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Twitter: a good educational tool?

Twitter has been suggested to be an optimus manner for children to learn communication and interaction skills, which any other methods or platforms could never provide us with. Therefore, we would be witnesses of a revolutionary new way of teaching. Now, the question is, is Twitter a really good tool for education?

First of all, let’s analyse what positive aspects have working on Twitter with the youngest students:

What experts appeared to underline the most is children’s literacy development. According to Mike Laurie, a worker of the agency Made by Many in London, taking part in social media helps children to avoid literacy and does increase their ability to express their ideas with grater clarity:

“It stands to reason that children who read and write more are better at reading and writing. And writing blog posts, status updates, text messages, instant messages, and the like all motivate children to read and write. Last month, The National Literacy Trust released the results of a survey of over 3000 children. They observed a correlation between children’s engagement with social media and their literacy. Simply put, social media has helped children become more literate. Indeed, Eurostat recently published a report drawing a correlation between education and online activity, which found that online activity increased with the level of formal activity (socio-economic factors are, of course, potentially at play here as well).”

Remarking Mike Laurie’s idea, there are two other experts, in this case Dr Mutuota Kigoth & Mrs Helen Doyle, who apart from underlining the idea of literacy, they emphasize the fact that kids would be able to share what is on their minds, and that Twitter may help shyest children to speak up their minds easily, increasing their confidence. Here there are some of the most positive aspects kids can get from the use of Twitter in their educational life:

  • Embed Twitter into everyday life of the classroom to develop competences with literacy and digital technologies within a meaningful and enriching context. Martin Waller, Teacher at Holy Trinity Rosehill C.E. Primary School, Stockton.
  • Pupils gain confidence in their literacy skills
  • Share learning
  • Authentic audience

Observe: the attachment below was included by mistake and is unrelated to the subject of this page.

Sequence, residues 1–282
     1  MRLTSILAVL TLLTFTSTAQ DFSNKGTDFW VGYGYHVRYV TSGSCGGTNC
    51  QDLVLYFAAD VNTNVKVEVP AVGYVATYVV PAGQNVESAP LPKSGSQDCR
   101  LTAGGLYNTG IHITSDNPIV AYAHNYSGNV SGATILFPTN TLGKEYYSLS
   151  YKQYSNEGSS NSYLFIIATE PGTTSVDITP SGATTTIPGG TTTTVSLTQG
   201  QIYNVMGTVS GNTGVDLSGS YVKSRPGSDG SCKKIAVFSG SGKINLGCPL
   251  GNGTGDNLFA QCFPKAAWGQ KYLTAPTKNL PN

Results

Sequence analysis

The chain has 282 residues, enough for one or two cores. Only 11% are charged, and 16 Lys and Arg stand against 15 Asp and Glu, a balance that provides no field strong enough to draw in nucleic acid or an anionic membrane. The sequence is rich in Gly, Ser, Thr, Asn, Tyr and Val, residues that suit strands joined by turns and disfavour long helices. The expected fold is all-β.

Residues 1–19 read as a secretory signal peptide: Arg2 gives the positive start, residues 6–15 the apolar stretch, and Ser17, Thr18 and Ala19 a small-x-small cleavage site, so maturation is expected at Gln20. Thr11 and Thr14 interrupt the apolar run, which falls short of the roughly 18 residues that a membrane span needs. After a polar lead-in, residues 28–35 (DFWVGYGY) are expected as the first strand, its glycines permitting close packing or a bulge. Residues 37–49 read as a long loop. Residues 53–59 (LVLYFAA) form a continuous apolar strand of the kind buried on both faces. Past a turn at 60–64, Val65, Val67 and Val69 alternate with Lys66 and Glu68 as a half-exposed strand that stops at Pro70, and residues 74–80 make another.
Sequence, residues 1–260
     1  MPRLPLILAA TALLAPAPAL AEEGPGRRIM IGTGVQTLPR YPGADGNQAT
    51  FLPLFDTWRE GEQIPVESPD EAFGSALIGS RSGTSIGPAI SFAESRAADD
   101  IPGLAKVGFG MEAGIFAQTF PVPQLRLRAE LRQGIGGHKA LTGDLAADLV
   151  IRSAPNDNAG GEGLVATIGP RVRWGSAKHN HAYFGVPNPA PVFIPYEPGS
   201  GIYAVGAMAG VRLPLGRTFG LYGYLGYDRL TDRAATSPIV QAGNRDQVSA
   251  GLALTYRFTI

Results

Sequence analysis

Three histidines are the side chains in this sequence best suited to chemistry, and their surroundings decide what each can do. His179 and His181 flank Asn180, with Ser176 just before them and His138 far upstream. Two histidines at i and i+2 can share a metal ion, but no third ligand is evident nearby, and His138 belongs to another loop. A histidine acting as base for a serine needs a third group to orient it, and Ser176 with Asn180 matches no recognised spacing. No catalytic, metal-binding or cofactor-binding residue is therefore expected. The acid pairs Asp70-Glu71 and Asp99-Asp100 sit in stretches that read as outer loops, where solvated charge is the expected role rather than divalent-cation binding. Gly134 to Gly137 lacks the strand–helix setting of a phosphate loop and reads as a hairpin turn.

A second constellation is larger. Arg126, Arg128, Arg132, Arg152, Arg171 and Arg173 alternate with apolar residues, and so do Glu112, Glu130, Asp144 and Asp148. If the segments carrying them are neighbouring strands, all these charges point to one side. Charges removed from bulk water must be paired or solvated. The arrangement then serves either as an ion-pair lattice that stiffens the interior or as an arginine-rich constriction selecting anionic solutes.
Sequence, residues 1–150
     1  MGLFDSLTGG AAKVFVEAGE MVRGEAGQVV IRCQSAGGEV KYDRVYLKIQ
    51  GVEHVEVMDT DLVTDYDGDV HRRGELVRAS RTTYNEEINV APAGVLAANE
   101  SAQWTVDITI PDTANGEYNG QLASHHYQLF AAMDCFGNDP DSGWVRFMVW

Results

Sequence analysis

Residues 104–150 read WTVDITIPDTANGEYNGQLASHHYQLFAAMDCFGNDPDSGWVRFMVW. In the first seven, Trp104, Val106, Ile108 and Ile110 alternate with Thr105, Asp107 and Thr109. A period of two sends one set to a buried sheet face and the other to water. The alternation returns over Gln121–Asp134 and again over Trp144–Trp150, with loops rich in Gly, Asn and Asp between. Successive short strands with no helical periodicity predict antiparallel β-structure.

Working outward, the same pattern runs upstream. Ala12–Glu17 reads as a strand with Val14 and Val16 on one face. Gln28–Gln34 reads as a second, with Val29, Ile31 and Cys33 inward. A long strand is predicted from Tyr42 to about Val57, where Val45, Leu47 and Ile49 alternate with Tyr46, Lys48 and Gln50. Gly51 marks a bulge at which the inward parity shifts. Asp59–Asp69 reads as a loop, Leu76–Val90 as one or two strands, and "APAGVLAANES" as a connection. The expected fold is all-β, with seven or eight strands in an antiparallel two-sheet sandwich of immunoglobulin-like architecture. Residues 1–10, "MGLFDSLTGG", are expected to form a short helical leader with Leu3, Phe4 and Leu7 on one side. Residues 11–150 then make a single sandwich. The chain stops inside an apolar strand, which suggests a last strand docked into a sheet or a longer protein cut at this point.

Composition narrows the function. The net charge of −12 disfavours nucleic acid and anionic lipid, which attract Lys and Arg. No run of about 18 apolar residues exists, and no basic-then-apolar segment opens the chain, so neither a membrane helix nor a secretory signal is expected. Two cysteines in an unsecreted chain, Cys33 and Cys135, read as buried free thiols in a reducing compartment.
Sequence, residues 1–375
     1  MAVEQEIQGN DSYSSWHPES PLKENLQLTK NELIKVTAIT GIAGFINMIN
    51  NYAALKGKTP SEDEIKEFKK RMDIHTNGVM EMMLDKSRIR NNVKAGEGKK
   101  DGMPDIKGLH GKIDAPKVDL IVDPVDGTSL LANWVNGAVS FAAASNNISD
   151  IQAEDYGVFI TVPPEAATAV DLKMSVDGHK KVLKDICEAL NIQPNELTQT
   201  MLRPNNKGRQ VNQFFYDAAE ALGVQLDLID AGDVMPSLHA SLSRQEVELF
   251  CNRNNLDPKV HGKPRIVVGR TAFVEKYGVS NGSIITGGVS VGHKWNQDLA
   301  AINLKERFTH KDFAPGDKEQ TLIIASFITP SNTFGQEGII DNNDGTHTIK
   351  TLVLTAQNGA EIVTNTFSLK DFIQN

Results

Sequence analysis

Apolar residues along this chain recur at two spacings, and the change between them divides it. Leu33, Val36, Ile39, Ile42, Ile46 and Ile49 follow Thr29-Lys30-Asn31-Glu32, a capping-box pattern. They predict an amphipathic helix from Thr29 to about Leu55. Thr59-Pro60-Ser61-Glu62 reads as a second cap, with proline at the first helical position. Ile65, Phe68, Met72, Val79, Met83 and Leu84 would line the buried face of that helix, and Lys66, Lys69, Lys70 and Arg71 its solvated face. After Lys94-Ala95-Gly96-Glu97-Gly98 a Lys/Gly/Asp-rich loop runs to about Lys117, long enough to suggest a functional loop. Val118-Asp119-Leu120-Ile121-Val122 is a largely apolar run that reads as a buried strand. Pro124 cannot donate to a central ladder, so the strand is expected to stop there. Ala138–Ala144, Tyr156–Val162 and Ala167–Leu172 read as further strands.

• Instant feedback
  • Sharing learning & culture
  • Disengaged students become engaged in writing process.
  • Engage shy students
  • Ask questions. Twitter is great for getting opinions.
  • Students find a voice.

As we can see the benefits teachers can take from the use of Twitter in the classroom could apparently be absolutely successful, providing that its use is properly controlled by the teachers. However, the debate of whether children should be permitted to use this microblogging site or not has been in everybody’s lips for the last years. In an article entitled Twitter for Children – Good or bad?, published on the website Twitter Tips Central, it is explained different opinions about why the use of Twitter by kids would be worrying. In the following extract we can read some neurological experts’ statements about this topic: “… children who make a constant use of social network sites would end up  having increasingly short attention spans. They would even go as far as claiming that these things will lead to children being less tolerant and understanding of others. Defenders are quick to point out though that social networking has led to increased social interaction among kids while making them easily adapt to new technology…“.

Consequently it is clear that Twitter may be used by youngest pupils in order to improve their communication and literacy skills, but we can’t forget that letting children to access to several social networking sites could mean the increase of their exposure on the Internet, and that could have a high negative impact on their little minds.

References:

  1. Article on Twitter Tips Central called “Twitter for Children – Good or bad?” written by “TWIT_EXPERT”. http://www.twittertipscentral.com/miscellaneous/twitter-for-children/
  2. Article on Mashable called “How social media has changed us” written by Mike Laurie, published on 07/01/2010. http://mashable.com/2010/01/07/social-media-changed-us/ 
  3. Presentation on Prezi called “Social Media – Twitter as a tool for Education” written by Dr Mutuota Kigoth & Mrs Helen Doyle, published on 02/11/2011. http://prezi.com/gsp73lokv3ni/social-media-twitter-as-a-tool-for-education/
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